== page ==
Sign up to our newsletter Back to news
India's economic reforms: A flashback
Twenty-five years to the day, India began its tryst with the reform process. A balance of payments crisis and the dismantling of the Soviet Union which fashioned the end of rupee-rouble trade meant that India had to pony up in a hurry. Prime Minister P.V. Narasimha Rao took the reins of power in extremely trying and difficult times. A major political assassination had meant that the Congress party had lost its popular leader Rajiv Gandhi and Rao, not the first choice, had been asked to step up to the plate. A consummate politician Rao understood what India required. It needed to shed its socialist dogmas, it needed to unfetter its economy and it needed a technocrat to usher in the radical changes. Rao's first choice was I.G. Patel from the London School of Economics who declined the offer. His second option was Dr Manmohan Singh, a career economist who had virtually held every important finance position in the bureaucracy. Dr Singh became the instrumentality of change. As he rose to read his first budget, India awaited change. It anticipated a new order, but what it got was a kick in the seat of its pants. Cataclysmic changes were announced with great rapidity and precision.
Devaluing the rupee (between July 1 and 5, 1991, the rupee was devalued twice), decontrolling gold, freeing up the stock markets to foreign portfolio investment, dismantling import controls, slashing customs duties, virtually abolishing licensing controls on private investment, cutting tax rates and breaking public sector monopolies -- a veritable catalogue of initiatives changed the course of this country forever.
From a nation trapped in its socialist moorings, Narasimha Rao understood the need of the hour and backed the economist FM to the hilt. Interestingly, a vast swathe of extremely capable bureaucrats and policy mavens assisted the new FM in all his endeavours.
Montek Singh Ahluwalia, Shankar Acharya, K.P. Geetakrishnan, M.R. Sivaram, N.K. Singh (subsequently a RS MP), Y.V. Reddy (who became RBI Governor) and even Rahul Khullar (who became Commerce Secretary and then TRAI chairman) were part of Dr. Singh's team. Dr. Khullar was private secretary to Dr Manmohan Singh when he was the FM.
N.K. Singh recently told me that 'Reforms were as much prompted by an impending economic crisis as intellectual persuasion; more by the former than latter.'
Interestingly, two other gentlemen played a handsome part as dramatis personae in those tumultuous times -- P. Chidambaram, who was commerce minister, and his able secretary Montek Singh Ahluwalia, who were instrumental in ushering the spanking new trade liberalisation regime.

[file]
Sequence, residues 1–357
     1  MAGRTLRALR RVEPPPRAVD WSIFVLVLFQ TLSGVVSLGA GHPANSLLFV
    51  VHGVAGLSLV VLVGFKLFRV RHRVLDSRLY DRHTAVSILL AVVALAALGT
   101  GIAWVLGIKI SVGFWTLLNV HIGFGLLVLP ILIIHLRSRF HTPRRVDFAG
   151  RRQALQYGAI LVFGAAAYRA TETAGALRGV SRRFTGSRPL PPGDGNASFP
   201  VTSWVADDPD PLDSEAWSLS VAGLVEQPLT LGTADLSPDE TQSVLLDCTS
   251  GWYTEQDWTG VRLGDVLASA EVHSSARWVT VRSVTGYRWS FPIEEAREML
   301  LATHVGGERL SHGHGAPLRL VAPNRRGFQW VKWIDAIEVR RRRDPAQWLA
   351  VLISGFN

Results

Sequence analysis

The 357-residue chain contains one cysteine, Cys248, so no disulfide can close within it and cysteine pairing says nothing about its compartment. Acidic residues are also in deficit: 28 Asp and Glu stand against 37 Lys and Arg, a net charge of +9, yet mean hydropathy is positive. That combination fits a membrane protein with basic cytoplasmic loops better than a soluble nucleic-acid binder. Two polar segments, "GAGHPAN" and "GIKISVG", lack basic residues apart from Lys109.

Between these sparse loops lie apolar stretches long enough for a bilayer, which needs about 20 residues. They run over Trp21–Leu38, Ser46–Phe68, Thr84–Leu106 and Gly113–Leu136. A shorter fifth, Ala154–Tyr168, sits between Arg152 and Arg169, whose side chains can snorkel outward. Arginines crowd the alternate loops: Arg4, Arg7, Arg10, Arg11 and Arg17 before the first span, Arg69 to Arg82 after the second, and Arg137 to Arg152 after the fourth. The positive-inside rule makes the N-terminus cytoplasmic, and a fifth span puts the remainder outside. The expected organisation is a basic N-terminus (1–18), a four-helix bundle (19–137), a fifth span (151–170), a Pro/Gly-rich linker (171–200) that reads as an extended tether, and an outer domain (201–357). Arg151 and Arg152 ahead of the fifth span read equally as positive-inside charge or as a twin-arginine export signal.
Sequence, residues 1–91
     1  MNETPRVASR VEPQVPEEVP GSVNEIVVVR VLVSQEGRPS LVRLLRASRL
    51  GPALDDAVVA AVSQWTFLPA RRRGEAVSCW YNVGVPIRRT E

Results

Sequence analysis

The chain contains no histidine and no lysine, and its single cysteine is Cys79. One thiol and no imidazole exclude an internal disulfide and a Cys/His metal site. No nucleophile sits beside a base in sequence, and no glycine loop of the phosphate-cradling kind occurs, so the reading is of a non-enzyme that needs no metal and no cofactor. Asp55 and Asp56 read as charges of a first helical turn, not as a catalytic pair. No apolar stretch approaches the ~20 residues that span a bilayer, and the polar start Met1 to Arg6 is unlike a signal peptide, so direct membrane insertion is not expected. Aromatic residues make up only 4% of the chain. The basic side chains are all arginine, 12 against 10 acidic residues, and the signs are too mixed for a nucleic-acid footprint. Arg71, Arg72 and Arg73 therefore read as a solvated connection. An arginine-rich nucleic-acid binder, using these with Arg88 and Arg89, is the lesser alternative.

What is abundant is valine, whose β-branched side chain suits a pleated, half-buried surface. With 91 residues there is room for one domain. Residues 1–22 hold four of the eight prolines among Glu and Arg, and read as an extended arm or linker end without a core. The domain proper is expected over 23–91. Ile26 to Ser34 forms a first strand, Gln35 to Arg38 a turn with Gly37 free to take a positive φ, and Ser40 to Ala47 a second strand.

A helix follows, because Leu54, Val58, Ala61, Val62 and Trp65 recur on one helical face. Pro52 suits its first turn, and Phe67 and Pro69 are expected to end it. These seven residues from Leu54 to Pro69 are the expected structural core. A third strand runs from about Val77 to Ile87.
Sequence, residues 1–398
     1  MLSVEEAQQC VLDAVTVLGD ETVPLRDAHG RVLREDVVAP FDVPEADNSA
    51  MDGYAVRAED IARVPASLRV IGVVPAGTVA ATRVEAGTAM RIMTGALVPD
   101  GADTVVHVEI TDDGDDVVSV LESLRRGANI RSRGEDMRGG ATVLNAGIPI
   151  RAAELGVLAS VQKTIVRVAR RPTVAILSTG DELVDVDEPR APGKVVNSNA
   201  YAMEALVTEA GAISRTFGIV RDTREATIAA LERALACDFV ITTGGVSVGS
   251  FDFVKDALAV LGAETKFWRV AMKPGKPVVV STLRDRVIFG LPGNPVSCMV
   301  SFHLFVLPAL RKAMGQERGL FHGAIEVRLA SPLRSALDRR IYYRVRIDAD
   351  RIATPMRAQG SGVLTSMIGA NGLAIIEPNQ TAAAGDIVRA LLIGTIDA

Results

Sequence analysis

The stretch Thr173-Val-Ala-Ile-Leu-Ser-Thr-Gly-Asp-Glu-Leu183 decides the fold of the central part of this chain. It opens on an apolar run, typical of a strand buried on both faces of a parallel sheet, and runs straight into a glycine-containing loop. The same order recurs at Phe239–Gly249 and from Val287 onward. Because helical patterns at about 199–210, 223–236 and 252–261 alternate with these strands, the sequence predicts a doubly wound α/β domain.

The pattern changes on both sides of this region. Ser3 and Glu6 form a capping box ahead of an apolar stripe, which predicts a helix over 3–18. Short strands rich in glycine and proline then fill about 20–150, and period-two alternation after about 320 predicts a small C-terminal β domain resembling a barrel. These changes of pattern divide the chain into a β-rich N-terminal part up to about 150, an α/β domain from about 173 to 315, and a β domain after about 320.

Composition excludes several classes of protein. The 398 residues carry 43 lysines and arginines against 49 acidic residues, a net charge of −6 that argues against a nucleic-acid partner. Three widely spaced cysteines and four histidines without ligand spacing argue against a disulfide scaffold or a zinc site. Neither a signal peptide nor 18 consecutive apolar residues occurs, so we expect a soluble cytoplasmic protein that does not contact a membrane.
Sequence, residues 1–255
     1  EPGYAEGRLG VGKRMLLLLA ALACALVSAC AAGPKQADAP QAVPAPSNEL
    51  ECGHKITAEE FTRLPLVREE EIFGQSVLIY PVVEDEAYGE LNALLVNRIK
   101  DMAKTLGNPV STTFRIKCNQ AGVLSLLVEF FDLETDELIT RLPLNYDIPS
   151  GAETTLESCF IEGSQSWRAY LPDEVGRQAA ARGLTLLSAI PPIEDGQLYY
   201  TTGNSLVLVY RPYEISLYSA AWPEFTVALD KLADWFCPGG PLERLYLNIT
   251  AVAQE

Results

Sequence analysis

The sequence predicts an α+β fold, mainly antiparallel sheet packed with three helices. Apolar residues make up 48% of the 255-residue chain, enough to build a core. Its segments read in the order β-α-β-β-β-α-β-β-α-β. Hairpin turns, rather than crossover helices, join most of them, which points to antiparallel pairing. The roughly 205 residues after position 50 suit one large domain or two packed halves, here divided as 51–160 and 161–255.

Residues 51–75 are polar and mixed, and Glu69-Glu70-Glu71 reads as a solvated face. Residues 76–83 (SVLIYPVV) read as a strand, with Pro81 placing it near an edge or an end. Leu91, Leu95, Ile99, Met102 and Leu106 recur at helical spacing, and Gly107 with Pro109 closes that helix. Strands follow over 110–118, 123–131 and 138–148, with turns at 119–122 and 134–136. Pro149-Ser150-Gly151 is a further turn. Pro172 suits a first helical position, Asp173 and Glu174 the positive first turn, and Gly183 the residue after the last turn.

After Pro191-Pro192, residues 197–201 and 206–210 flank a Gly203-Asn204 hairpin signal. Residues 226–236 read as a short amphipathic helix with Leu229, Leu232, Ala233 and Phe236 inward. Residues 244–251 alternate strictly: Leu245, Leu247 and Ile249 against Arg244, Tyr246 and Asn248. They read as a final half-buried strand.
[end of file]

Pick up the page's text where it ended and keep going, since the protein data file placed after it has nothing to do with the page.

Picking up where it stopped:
Montek Singh then moved to finance and assisted the FM. In his maiden budget speech, the single biggest change was the banishing of the the Licence Raj. It was abolished facilitating private sector (including foreign investment) across industrial sectors and providing greater access to foreign technology. Foreign exchange reserves teetering on the edge of a precipice at $1.2 billion in 1991 have shot up to $355 billion this month. Duties were rationalised. Unthinkably, Peak Customs duty rates were slashed from 220 per cent to 30 per cent. Since it has been spared further.
Commerce is the modern axis. Everything revolves around it. Deep rooted beliefs and dogmas have to be consigned to the rubbish heap of history. The Hindu rate of growth is now an aberration, not the norm. Ironically, the moves to liberalise the economy and have it plug and play with a globalised world was done by what was in effect a minority government headed by Narasimha Rao. In 1991-92, GDP growth hit skid row at an abysmal 0.5 per cent. Many believe that the same dream team headed by PM Manmohan Singh for 10 years failed to deliver big ticket second generation reforms or transformative ideas because of allies like DMK, Left and later TMC. It became unfortunately a lost decade. Imagine if MMS 2 had been as exemplary as MMS 1. Then India would have reaped the breakthrough benefit.
India has come through unscathed, surviving its own balance of payments crisis in 1991 when it had to pledge its gold, the east Asian contagion of 1997 and the 2008 global meltdown. It obviously wants more. It awaits deliverance from being a capital, power and infrastructure deficit nation.
31 July 2015
(The writer is a Visiting Fellow at Observer Research Foundation, Delhi)